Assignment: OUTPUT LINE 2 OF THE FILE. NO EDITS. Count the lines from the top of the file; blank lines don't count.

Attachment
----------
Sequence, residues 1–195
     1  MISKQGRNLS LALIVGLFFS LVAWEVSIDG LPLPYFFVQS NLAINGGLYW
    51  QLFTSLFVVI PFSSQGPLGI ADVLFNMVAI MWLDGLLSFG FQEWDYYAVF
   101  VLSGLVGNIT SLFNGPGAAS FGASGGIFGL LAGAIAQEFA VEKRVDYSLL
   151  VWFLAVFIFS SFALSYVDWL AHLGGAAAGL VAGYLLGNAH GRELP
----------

     1  MISKQGRNLS LALIVGLFFS LVAWEVSIDG LPLPYFFVQS NLAINGGLYW